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Re: What is an RDF Query?

From: Sandro Hawke <sandro@w3.org>
Date: Wed Sep 12 16:05:39 2001
Message-Id: <200109122002.f8CK2TV09129@wadimousa.hawke.org>
To: Pat Hayes <phayes@ai.uwf.edu>
cc: www-rdf-rules@w3.org

... lots of stuff ...

> The key point is the interface between the 'modules'. If you can 
> define an interface between two logical languages, one more 
> expressive than the other, which works only 'one way', then maybe you 
> could build a kind of modular library extension. It would be hard to 
> characterize the expressiveness of the combined language, but that's 
> a theoretician's worry.

Good point (and all the points leading up to it).  Very well said.   Hm.

> OK, never mind the terminology. The more substantive point is the 
> idea that the meaning of logic is given in English. This curious 
> misapprehension seems to be widespread. Since about 1945, the 
> meanings of formal logics have been given in mathematical terms 
> (usually set theory), not English. That is why it is possible to 
> manipulate logic using machines. (If the computers had to first 
> understand English, we wouldn't even be able to send email to one 
> another.)

This idea of computers "understanding" is probably taking us the wrong
direction.  I think we'd agree that computers are simply physical
objects which obey the laws of physics and are constructed so that
those laws cause them to do useful things.  So the question in how did
their builders (in terms of hardware and software) come to understand
what would be useful (eg sending e-mail).  And that probably brings us
back to the rdf-logic thread about people/children learn the meanings
of words.  When I say "in English" I'm trying to say "however people
communicate meaning to each other."  The fact that mathematical terms
have been very useful for clear human communication is sort of beside
my point, which is that I'm not asking computers to do any sort of

> >How can we possibly standardize this?
> ?? What's the problem? The usual way: form a committee, have it 
> collect views, argue a lot, come to a decision, etc., then publish a 
> standard. In fact its already been done several times (KIF 3.0, CGs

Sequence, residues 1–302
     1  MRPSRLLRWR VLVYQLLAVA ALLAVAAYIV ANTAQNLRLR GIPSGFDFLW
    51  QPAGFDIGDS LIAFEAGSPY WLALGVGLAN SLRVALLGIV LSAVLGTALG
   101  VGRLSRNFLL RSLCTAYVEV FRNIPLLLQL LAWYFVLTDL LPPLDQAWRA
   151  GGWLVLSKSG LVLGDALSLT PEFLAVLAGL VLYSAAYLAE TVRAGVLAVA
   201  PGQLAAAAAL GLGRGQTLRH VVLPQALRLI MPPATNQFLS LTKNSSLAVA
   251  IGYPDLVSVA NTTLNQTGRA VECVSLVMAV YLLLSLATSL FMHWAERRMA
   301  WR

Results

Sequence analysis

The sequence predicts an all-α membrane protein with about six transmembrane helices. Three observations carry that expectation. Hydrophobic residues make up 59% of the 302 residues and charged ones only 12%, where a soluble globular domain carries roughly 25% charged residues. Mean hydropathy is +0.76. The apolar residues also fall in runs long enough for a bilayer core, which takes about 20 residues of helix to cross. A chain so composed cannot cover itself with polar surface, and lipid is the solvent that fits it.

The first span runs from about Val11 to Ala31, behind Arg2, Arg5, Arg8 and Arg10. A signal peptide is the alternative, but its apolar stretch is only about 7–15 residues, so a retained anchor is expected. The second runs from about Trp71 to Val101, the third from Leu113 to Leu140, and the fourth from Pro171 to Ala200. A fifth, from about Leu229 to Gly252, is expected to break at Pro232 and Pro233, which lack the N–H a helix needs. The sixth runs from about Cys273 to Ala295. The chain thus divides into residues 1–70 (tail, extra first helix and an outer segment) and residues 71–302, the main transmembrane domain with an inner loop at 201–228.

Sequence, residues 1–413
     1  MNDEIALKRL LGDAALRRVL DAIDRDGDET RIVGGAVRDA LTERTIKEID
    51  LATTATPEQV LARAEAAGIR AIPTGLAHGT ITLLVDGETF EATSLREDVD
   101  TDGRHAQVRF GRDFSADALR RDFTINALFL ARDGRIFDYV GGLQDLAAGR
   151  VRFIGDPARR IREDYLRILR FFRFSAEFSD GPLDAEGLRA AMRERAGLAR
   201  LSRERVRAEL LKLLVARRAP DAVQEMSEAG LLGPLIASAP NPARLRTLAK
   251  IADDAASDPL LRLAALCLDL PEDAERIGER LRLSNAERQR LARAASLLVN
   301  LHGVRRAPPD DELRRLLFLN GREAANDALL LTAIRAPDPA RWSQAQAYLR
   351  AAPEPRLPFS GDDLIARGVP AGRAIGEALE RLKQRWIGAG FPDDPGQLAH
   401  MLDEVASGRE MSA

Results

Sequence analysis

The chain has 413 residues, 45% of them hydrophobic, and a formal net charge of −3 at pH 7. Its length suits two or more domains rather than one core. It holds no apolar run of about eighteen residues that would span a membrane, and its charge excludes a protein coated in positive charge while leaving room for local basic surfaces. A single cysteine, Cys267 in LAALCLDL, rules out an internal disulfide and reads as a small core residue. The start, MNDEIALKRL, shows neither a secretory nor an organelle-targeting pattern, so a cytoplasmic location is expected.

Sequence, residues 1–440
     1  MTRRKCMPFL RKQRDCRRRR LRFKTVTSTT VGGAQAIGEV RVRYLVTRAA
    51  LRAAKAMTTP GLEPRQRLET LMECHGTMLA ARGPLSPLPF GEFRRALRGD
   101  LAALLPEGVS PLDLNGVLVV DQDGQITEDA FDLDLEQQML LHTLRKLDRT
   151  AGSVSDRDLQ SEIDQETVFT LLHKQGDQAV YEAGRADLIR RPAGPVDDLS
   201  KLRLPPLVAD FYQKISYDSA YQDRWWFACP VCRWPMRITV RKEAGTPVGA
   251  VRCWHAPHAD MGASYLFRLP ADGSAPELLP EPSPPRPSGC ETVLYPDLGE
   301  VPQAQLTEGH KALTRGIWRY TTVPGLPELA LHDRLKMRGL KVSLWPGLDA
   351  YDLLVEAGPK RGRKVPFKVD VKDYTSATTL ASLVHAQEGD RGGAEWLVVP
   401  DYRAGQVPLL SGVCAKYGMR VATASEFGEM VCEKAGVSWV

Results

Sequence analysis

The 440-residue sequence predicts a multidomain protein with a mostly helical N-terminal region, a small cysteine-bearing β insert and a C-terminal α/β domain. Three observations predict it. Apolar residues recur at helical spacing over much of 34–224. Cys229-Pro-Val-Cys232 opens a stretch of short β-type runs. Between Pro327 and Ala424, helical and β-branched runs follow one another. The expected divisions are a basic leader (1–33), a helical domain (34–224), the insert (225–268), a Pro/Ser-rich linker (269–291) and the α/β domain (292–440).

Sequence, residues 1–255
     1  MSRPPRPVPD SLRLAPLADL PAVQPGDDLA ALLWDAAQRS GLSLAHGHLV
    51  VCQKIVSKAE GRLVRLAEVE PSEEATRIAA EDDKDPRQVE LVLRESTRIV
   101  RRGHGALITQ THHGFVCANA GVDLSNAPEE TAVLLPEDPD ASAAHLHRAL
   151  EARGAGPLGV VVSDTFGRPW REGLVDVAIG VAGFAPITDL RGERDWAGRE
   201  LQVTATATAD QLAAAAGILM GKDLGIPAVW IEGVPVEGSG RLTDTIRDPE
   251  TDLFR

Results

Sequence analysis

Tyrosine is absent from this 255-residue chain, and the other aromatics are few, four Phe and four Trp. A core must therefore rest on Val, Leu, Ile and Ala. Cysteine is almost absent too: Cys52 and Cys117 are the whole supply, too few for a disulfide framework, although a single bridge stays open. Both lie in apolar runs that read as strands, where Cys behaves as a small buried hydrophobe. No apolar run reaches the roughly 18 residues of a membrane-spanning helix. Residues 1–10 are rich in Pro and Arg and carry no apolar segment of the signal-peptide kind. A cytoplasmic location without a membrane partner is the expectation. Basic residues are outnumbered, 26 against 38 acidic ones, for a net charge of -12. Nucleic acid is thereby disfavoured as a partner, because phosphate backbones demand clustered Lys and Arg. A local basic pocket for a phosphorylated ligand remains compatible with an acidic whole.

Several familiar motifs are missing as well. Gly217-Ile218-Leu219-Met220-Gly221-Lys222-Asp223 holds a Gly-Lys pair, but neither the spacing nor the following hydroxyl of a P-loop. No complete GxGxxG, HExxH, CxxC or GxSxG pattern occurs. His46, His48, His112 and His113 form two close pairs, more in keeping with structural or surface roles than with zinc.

> (an ISO standard), IEEE-KIF (still going on, but..), etc.)

"The great thing about standards is that there are always new ones to
chose from."   Yeah.

> Oh, crap. Forgive me, but the W3C is just another bunch of folks like 
> all other bunches of folks, and it works exactly the same way. It 
> invents things and gets all huffy and protective about its own 
> inventions, just like everyone else does. It invented RDF and RDFS, 
> and it probably wishes it had invented XML.

Could be.  I wasn't there.  But it does seem like there's some
confusion when you say "W3C" between staff (a few dozen people around
the world) and member companies (500+ companies, many of them very
large).  I'm not sure who you're saying invented RDF, etc.  Perhaps
it's some vaguely defined community including some of each.  You have
more experience in W3C working groups now than I do, so maybe you know
better what that community might be.

Anyway, I think there is a difference between how ISO invents and how
Bell Labs invents.  And I think W3C is closer to a standards body in
general, but in Semantic Web activities is more like a research lab.
But maybe your point is that any group efforts is ALWAYS just done by
a bunch of people getting together, so who cares about the details of
their process.

> >It just facilitates others in trying to come to some working
> >consensus, to allow interoperability, when the technology is mature
> >enough to make that possible.  (RDF was ready for the application of
> >labeling web page content, which is how it became a W3C
> >Recommendation.
> So did RDF just fall down from the sky? The entire RDF effort 
> embodies technical terminology that are only found in W3C documents 
> (eg the term 'resource'). It was invented by W3C, not by the world 
> wide community. 

Damn I hate that word, "resource".  :-) RDF was invented by all the
people in the world who were particularly interested in helping to
invent it, don't you think?  (Some had greater barriers to
participation than others, but still.)  (I, personally, stayed away at
the time because they didn't seem to be looking at the problem in a
very promising way, I thought.)

> The rest of the world is waiting impatiently for W3C 
> to get its act together. 

I wouldn't have thought most of the world had much confidence that
anyone could solve these problems.   (Either that, or they think XML
has already solved them.)

> Which reminds me, I ought to be doing other 
> things than answering email.....

Yeah.    Still, it beats paying too much attention to the news.

    -- sandro
Received on Wednesday, 12 September 2001 16:05:39 UTC

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